alphabet: alfabeto.
alpine: alp-ala.
already: ja.
also: anke; but a.: ma anke.
altar: altaro; (chancel) santuario; high a. : chefa altaro; a. cloth: altaro-tuko; a. piece: altaro-tabelo; a. screen: retablo.
alter: chanjar; altr-igar; (for the worse) alterar; modifikar; -able: chanj-iva, -ema; vari-iva, -ebla, -ema; -ation: chanj-(ad)o, (state) -eso; (partial) modifik-o, -uro, -eso.
altercation: disput(ad)o, -acho.
alternate: (intr.) alternar, (tr.) -igar; (adj.) -anta; (substitute, person) substituc-ato, (thing) surogato; -tion: altern(ad)o; -tive: (choice, option) alternativo.
althaea: alteo.


Althea? That's a plant, isn't it?
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jajdude



Joined: 18 Jan 2003

PostPosted: Mon May 02, 2005 9:09 am    Post subject: Reply with quote

Just a footnote: I learned a little about Iceland from watching the Oprah Winfrey show recently. (One could look it up on the web of course).

Population: Maybe less than 300,000 (less than Newfoundland)

Police do not carry guns.

It is illegal (?) (or at least taboo) to make racist remarks in public.

Single parents face no taboo.

They like to party during 4 hours sunlight in winter, or near 24 hours sunlight in summer.

The women look good. So does the natural environment, with volcanoes (?..I think) and natural springs.
=========================================================
My brother in Montreal works with a guy from Iceland. I tried some of the traditional food once. It was good. Raw reindeer meat was part of it I think. On the Oprah show she was offered lamb *beep* by the Iceland woman, but declined. But she had some of the local "soju"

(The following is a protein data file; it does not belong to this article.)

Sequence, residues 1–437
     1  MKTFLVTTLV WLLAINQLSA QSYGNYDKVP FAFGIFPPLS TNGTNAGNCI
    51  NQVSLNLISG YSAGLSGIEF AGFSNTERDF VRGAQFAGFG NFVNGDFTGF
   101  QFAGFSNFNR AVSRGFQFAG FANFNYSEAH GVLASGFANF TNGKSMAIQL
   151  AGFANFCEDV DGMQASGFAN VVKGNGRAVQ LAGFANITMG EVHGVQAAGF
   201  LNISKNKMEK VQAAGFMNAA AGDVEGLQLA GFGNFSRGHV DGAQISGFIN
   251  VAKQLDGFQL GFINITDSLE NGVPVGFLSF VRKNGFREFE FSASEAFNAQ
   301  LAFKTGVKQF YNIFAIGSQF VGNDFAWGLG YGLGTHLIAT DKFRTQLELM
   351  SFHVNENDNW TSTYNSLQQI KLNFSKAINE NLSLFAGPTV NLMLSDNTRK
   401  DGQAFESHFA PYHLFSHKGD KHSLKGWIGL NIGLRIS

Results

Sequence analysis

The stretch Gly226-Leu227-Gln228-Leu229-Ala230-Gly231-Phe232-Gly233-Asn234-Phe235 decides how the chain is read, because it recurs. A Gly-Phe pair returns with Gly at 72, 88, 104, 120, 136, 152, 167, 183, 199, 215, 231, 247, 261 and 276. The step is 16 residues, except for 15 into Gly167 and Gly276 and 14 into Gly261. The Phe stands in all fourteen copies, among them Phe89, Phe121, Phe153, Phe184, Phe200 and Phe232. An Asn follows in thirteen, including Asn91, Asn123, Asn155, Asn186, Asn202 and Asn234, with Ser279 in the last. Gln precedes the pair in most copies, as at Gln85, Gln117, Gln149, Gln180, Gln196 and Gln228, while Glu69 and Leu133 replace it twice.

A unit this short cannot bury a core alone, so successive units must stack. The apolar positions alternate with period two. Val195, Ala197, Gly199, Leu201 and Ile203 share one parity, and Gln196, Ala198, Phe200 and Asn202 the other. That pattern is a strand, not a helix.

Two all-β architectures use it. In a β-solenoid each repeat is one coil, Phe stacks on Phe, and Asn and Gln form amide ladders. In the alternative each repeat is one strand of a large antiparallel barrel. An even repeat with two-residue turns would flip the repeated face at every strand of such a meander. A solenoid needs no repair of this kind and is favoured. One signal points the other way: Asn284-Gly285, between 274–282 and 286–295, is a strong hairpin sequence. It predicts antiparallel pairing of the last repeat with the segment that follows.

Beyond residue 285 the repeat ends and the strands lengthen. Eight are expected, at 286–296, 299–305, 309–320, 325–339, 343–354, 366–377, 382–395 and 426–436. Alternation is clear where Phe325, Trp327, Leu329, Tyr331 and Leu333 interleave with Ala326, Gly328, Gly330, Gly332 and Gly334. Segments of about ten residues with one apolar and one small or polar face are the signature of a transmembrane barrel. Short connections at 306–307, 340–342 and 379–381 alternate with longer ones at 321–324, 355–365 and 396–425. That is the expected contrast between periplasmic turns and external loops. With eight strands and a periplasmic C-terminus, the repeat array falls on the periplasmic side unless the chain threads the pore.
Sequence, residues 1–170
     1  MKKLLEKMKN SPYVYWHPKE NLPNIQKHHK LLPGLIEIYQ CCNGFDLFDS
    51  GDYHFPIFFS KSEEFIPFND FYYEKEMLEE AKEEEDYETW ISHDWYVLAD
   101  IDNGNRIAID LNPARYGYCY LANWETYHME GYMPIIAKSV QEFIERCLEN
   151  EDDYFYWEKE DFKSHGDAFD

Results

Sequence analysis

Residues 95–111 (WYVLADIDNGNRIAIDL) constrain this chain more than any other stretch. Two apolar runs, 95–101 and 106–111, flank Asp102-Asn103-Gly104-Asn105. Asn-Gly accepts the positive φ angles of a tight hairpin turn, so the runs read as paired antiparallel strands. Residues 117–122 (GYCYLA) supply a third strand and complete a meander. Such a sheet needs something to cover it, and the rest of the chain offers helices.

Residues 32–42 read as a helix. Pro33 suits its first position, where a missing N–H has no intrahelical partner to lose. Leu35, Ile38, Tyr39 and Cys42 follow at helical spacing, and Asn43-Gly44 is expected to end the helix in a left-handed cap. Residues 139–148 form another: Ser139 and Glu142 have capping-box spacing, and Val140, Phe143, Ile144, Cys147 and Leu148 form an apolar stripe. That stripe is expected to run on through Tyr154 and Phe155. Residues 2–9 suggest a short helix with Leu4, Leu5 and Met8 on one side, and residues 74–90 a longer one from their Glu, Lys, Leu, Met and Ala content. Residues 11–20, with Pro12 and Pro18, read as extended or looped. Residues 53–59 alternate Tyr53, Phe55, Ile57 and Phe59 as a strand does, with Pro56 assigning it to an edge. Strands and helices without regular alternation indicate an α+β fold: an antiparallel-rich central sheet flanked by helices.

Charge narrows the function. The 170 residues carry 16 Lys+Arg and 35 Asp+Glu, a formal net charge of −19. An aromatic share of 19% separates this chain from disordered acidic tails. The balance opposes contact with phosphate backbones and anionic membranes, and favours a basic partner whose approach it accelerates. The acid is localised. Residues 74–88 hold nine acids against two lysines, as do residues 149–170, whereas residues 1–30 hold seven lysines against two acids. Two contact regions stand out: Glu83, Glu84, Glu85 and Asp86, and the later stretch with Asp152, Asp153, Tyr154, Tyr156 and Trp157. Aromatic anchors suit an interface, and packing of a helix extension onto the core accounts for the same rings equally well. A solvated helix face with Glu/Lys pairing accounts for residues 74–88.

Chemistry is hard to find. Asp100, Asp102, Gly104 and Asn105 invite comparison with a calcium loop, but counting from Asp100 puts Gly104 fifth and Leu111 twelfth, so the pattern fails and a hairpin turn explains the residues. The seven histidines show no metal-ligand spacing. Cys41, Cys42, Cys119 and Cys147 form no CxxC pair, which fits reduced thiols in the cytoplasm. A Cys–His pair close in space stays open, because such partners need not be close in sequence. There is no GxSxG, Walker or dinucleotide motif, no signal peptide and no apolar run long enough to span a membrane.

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The Man known as The Man



Joined: 29 Mar 2003
Location: 3 cheers for Ted Haggard oh yeah!

PostPosted: Mon May 02, 2005 11:07 am    Post subject: Reply with quote

Esperanto is not a language for real people, Corporal.


Want to know somethign else? If you've ver bought a Kiling dictionary, like DW did, then you're as big a moron as DW-and that's just sad.
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sonofthedarkstranger



Joined: 15 Jan 2003

PostPosted: Mon May 02, 2005 12:06 pm    Post subject: Reply with quote

Hey mith, if you invent a language for us, I'll put in the time and energy.
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tomato



Joined: 31 Jan 2003
Location: I get so little foreign language experience, I must be in Koreatown, Los Angeles.

PostPosted: Mon May 02, 2005 1:49 pm    Post subject: Reply with quote

JacktheCat wrote:

And even now, I have to watch myself when writing on the board that I don't misspell a word or do the ye olde letter reversal.


You mean like a lot of other people do, without a word of apology?

JacktheCat wrote:

Over two years in Korea and I am still only at a beginner intermediate level in Korean.


I've been here over five years and I'm not so glib either.
And I scored in the 99th percentile on a foreign language aptitude test.
Maybe you're putting yourself down more than you should, Jack the Cat.

JacktheCat wrote:

Sure wish I had your language abilities mith.


You're not the only one.
Mith must be in the 999th mellenial.
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SuperHero



Joined: 10 Dec 2003
Location: Superhero Hideout

PostPosted: Mon May 02, 2005 2:06 pm    Post subject: Reply with quote

I like learning languages, but would never waste my time on a constructed language - like it's ever going to be useful knowing how to speak Klingon or esperanto.

I didn't vote because there is no option for me.